No - I only said that (bad) choice of message size can make async more complicated (than async with a different/better choice of message size).

"allocating buffers belongs to, and you risk running out of RAM"

This is possible, yes, but then the OS should be throttling IO as needed.

"With no limit, what happens when a 64-bit process sends a 12 GiB message to a 32-bit process? "

Fair point, however I'd say this fits under the "limited by memory" constraint. Either way, the same problem exists whether async or threaded.


Ok - it fits under the "limited by memory" constraint; but "limited by memory in the all supported systems" rather than "limited by memory in the current system". For example, if the OS supports systems with as little as 16 MiB of RAM, then you'd probably want to set the maximum message size to 8 MiB or less, even for large systems with 123 GiB of RAM, to make sure software designed for the OS works as designed on all supported systems.

Also, you're mention of "tasks" gives me the impression that you're envisioning some kind of CPU bound computation, which I do advocate using threads for.


I use "tasks" as a generic name for "processes, threads, fibres or whatever else might make sense for the OS or for the context being discussed".. ;)

Someone posted links to a few papers that explore "threads vs. events" (or "theads vs. messages"). Don't let them mislead you - those papers are stupid, and sane people would want both (not one or the other).

- Brendan

Reply Score: 2

Callback fragmentation
by ndrw on Sat 28th May 2011 06:56 UTC
ndrw
Member since:
2009-06-30

When implementing a callback-based API be careful not to fragment the callbacks too much.

Say, user starts an operation on some large data structure and requests notification when that data structure changes. Perhaps the callback function does some expensive tasks, like updating the GUI etc. The operation itself requires a lot of atomic operation to be performed on the data structure, thus it generates a lot of notification events.

If you implemented this naively and update the user after every changes to the data structure (1), the user function would needlessly be called multiple times, consuming a lot of CPU time.

If you notified the user only at the successful completion of the whole task (2), then the user wouldn't be at all aware of the progress of the operation he started.

What you probably want to do instead, is to collect the notifications like in (2) and emit user code notifications periodically + immediately after the whole operation has finished. This probably requires some concurrency in your code but it can be done cooperatively if your main loop supports timers and idle events.

Reply Score: 3

RE: Callback fragmentation
by Neolander on Sat 28th May 2011 09:48 UTC in reply to "Callback fragmentation"
Neolander Member since:
2010-03-08

I don't understand: why would the code require a notification each time a data structure changes after having started a big operation on it, instead of asking for a notification once the big operation is over? More important, why would they put a very intensive callback function on something as fine-grained as changing a data structure ?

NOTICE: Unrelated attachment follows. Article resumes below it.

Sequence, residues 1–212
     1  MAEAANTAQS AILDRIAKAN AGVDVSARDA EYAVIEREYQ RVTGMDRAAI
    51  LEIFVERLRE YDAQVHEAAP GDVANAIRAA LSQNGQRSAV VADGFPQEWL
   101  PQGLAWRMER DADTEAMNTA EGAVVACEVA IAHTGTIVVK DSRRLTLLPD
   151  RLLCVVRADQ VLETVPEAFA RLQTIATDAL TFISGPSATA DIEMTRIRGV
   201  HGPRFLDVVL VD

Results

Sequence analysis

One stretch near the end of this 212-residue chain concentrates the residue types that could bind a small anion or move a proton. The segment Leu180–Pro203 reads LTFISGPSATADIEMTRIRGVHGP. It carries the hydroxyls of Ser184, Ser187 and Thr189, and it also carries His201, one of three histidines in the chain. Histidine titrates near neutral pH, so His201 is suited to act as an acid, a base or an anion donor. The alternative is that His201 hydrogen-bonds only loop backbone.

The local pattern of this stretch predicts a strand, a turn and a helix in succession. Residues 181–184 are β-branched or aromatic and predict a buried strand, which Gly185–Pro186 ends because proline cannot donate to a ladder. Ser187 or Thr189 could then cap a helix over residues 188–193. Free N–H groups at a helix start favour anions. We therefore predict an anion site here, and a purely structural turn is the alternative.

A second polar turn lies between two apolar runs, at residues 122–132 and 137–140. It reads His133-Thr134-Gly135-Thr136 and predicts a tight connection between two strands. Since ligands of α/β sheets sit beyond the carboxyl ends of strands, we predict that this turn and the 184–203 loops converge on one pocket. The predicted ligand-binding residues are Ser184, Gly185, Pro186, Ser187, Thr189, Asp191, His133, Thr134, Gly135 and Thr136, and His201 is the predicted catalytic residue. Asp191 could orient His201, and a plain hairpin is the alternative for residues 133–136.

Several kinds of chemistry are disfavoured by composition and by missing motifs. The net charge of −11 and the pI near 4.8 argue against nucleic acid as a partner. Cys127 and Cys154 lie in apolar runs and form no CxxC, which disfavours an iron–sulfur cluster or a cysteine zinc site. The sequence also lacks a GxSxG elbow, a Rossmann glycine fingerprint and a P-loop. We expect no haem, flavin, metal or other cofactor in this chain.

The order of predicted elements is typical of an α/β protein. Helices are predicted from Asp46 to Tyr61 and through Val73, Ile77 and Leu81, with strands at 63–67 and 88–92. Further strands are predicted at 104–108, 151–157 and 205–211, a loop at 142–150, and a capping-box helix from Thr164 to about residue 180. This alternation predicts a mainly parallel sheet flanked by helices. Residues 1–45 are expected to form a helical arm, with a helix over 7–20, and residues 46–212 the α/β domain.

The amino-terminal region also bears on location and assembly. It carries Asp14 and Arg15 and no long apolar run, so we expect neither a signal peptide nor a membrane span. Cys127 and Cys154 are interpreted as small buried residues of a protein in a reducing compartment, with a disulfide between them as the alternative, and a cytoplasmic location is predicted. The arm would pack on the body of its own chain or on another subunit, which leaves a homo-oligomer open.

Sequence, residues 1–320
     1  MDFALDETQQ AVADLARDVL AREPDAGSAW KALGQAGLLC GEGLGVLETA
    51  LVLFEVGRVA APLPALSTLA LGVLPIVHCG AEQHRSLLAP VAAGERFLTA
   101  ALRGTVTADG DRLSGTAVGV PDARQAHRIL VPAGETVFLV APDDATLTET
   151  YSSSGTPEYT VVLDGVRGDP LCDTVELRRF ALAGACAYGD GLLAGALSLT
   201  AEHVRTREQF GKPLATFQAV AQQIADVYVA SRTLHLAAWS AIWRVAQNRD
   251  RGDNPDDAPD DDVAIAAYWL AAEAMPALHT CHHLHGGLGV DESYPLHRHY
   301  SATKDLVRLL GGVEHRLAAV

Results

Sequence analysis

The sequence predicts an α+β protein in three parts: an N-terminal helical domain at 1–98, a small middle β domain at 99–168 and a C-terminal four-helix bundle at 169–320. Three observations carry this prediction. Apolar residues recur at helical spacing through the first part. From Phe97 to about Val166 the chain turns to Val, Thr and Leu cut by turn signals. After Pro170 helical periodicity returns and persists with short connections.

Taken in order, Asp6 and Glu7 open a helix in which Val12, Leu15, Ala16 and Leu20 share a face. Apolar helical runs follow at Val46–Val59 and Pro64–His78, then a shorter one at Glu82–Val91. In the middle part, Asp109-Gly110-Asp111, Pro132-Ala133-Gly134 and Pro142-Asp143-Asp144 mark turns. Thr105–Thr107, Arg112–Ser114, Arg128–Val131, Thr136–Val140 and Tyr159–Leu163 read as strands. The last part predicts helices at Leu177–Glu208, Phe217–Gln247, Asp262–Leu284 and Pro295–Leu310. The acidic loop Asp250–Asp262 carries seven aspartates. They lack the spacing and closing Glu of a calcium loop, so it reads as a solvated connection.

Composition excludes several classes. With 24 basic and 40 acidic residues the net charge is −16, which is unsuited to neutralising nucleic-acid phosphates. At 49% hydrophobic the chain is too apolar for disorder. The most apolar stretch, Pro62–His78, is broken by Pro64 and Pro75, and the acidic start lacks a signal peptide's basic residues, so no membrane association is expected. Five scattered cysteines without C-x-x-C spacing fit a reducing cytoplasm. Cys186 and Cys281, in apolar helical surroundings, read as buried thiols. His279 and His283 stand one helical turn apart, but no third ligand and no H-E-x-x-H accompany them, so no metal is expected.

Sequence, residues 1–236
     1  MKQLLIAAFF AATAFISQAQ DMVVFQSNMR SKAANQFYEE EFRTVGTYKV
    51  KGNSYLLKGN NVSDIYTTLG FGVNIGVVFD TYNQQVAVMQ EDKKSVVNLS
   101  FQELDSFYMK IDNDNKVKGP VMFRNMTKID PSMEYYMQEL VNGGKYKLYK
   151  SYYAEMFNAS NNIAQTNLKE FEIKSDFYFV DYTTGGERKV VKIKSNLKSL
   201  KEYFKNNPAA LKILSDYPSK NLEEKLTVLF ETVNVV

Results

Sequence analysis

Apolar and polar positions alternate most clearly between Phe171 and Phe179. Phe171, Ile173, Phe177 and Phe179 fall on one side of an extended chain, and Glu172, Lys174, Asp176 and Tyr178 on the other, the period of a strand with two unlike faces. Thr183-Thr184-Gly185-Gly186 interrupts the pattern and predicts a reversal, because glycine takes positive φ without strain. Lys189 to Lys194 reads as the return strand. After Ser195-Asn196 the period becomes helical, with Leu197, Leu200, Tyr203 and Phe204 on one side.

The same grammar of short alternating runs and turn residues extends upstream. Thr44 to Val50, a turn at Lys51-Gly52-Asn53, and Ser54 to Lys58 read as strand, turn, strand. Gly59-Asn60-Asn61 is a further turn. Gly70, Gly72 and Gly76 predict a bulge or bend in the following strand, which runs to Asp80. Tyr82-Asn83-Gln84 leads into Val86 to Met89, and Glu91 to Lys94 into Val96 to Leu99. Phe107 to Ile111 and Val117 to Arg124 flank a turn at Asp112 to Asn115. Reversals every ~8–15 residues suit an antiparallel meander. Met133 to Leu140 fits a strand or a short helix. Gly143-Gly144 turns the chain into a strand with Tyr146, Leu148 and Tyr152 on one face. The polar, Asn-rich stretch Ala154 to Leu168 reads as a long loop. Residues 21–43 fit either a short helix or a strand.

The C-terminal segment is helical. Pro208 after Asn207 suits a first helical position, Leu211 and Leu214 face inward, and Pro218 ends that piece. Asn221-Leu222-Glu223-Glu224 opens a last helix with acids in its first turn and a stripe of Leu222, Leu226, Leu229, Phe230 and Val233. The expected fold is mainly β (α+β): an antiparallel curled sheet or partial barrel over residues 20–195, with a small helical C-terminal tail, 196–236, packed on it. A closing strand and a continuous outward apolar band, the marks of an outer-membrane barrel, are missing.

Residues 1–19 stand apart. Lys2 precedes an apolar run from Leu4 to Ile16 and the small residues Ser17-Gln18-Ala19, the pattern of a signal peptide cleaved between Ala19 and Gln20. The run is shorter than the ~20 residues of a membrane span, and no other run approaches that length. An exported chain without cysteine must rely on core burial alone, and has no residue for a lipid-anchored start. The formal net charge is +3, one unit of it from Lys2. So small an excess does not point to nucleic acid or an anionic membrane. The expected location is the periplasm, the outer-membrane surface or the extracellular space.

If you can prove that this is a valid use case and not poor programming practices at work, a feature that gives notifications a "cooldown time" could indeed be the right answer.

Edited 2011-05-28 09:52 UTC

Reply Score: 1

RE[2]: Callback fragmentation
by ndrw on Sun 29th May 2011 04:36 UTC in reply to "RE: Callback fragmentation"
ndrw Member since:
2009-06-30

Well, that's a simple MVC pattern at work, which is also a kind of an asynchronous framework. I wouldn't call it a bad programming practice, quite the opposite. It does what it is designed for - separating concerns. The idea is that you do what you want to do on the Model and leave the task of updating the View to the framework.

And it works well too, if only you remember not to use the naive implementation for anything but the simplest models.

Reply Score: 2

RE[3]: Callback fragmentation
by Neolander on Sun 29th May 2011 07:38 UTC in reply to "RE[2]: Callback fragmentation"
Neolander Member since:
2010-03-08

Point taken ;)

(Partly because of your explanation, and partly because I've also thought that preventing a notification to be fired at fast rates prevents local DoS attacks on things which don't need extreme reactivity)

Reply Score: 1

Mutex-less computing
by xiaokj on Sat 28th May 2011 14:39 UTC
xiaokj
Member since:
2005-06-30

@ Original Article,

There are actually alternatives to just plain old threaded / async / semi-async (you defined threaded + threshold == semi-async). Non-blocking algorithms exist of a more radical type. I have read that there are people who have successfully implemented system-level stuff using unconventional non-blocking mechanisms, most notably compare-and-swap http://en.wikipedia.org/wiki/Compare-and-swap